The LRA committed a total of 83 attacks and 264 abductions in the first six months of 2017, a significant reduction compared to levels of violence at the midyear points of 2014, 2015, and 2016. The drop in LRA violence has been particularly dramatic in eastern CAR, where the rebel group abducted 78 civilians in the first half of 2017, compared to 341 in the first half of 2016. In comparison, LRA abductions in DRC in the first half of 2017 (186) were higher than those at the midyear point of 2016 (160). The shift in LRA activity from eastern CAR to northern DRC in 2017 may be linked to the increased activity by ex-Seleka and anti-balaka groups in eastern CAR in 2017, as the LRA has historically sought to minimize clashes with other armed groups there. Though the LRA enjoyed a brief period of limited cooperation with ex-Seleka leaders from late 2013 through mid-2015, both ex-Seleka and anti-balaka groups have taken a more hostile posture towards the LRA since 2016.
A vast majority of the 264 people abducted by the LRA in the first of half of 2017 were adults who the LRA forced to porter looted supplies and then released within several days. The LRA abducted eight children in the first half of 2017, compared with 63 in the first half of 2016, when the LRA launched a child recruitment drive in eastern CAR. However, on July 11, LRA forces abducted four boys in DRC and told a hunter they were seeking to abduct more, which could signal a shift towards recruitment in the coming weeks.
The strategic direction of the LRA, including whether it plans to try to take advantage of the withdrawal of US and Ugandan military forces in order to rebuild, remains unclear. The LRA’s internal decision-making processes are notoriously opaque, with LRA defectors historically providing the most insight into the leadership’s plans and strategy. However, no adult male Ugandan combatants have defected from the LRA since February 2017, before the US and Ugandan withdrawal was announced.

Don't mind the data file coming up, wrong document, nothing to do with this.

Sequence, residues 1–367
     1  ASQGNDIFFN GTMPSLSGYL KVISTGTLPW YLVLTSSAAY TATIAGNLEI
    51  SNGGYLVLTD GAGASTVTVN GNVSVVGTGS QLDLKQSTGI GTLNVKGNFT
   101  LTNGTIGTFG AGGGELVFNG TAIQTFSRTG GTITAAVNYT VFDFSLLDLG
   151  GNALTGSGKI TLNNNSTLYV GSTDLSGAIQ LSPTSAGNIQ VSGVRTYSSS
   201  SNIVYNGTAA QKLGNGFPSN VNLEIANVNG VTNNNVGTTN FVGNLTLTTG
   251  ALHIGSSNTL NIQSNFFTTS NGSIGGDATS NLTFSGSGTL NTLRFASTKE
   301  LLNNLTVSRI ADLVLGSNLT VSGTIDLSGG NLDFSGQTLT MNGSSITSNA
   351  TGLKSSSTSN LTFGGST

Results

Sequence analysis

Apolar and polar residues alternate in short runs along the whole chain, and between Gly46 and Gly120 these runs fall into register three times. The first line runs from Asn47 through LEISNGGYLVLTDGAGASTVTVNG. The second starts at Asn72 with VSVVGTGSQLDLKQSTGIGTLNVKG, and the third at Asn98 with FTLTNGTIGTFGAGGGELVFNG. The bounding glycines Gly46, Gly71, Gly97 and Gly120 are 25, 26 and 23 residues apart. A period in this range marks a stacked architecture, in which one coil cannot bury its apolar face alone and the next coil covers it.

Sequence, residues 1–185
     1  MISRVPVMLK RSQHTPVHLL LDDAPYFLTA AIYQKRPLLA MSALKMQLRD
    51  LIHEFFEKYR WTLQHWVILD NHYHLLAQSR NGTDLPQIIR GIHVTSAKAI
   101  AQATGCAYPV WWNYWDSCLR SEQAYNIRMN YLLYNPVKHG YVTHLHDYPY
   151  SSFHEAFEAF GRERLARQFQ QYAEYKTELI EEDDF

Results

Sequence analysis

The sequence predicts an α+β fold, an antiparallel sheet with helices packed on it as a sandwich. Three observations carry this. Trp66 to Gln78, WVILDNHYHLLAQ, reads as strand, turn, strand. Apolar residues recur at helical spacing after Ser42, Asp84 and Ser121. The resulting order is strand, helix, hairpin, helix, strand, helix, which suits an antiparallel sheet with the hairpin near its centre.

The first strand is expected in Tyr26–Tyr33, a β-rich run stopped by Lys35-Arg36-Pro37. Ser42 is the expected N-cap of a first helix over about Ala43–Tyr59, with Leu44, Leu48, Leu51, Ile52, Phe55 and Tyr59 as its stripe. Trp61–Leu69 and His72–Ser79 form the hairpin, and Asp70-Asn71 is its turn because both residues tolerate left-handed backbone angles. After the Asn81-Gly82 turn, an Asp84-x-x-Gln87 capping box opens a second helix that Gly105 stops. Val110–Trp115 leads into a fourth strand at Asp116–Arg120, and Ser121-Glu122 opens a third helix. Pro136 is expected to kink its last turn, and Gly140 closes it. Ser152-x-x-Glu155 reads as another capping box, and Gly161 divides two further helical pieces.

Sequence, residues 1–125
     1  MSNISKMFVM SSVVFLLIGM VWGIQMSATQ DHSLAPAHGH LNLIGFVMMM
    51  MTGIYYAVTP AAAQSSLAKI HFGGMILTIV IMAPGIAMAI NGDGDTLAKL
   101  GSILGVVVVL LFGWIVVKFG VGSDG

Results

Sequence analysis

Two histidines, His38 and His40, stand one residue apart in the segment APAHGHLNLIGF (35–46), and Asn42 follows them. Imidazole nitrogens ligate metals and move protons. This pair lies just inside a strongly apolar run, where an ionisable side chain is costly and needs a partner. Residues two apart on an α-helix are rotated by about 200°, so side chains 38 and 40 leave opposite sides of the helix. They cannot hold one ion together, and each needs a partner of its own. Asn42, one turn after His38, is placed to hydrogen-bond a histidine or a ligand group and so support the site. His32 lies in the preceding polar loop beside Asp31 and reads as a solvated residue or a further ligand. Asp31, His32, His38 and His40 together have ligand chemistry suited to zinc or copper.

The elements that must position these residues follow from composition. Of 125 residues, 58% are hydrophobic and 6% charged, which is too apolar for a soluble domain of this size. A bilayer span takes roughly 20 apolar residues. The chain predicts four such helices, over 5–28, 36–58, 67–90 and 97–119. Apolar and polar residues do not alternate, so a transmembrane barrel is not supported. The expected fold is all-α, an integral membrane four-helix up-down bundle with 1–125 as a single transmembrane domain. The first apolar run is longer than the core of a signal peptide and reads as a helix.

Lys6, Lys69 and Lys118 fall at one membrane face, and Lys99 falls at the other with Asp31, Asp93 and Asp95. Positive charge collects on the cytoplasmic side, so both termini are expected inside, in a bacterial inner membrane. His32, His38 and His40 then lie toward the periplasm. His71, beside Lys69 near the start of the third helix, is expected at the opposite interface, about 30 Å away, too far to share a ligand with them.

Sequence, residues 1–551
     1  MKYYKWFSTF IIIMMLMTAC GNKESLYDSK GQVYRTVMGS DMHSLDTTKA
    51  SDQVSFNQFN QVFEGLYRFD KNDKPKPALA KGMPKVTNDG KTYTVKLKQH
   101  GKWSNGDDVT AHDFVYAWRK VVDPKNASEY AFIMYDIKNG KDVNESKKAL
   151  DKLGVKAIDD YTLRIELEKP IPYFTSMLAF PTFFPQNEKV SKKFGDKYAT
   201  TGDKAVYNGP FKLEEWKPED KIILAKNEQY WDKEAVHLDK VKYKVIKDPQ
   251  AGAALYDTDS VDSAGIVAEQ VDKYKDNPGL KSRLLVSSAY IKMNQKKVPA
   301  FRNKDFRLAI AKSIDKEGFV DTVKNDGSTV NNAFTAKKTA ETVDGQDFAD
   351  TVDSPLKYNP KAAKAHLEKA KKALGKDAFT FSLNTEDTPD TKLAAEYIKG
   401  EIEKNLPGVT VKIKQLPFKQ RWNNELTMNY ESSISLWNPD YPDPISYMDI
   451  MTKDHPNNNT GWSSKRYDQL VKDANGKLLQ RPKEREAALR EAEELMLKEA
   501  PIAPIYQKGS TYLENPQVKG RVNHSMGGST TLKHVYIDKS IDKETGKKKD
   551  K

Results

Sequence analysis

In Obo, CAR, the Invisible Children team worked with the Civil Affairs unit at MINUSCA to organize a workshop on the prevention and resolution of intercommunal conflict with the support of religious and political leaders. The workshop aimed to foster dialogue about how to mitigate sectarian tensions and expand the role of community leaders in preventing intercommunal conflicts. 31 community members, including representatives from Invisible Children-supported Peace Committees, participated in the workshop. Invisible Children staff also participated in a regional learning exercise led by Peace Direct in which participants examined and compared early warning tools deployed in Central and East Africa and sought to develop ideas for how these tools could be applied in the Beni region of DRC’s North Kivu province.
In cooperation with international humanitarian agencies and AFASVR (one of our local partners), the Invisible Children team was able to facilitate the reunification of eight LRA escapees with their families in Bria and Bangassou. The escapees had spent between one and six years in the LRA, including a 14-year-old girl who spent one year in captivity.
In addition, Invisible Children funded a medical training conducted by local doctors and nurses in Obo in which 16 former LRA abductees received a certificate to become health officers. The 16 participants in the training were members of the locally-run LRA Victims’ Associations of Mboki and Obo, which includes former LRA abductees.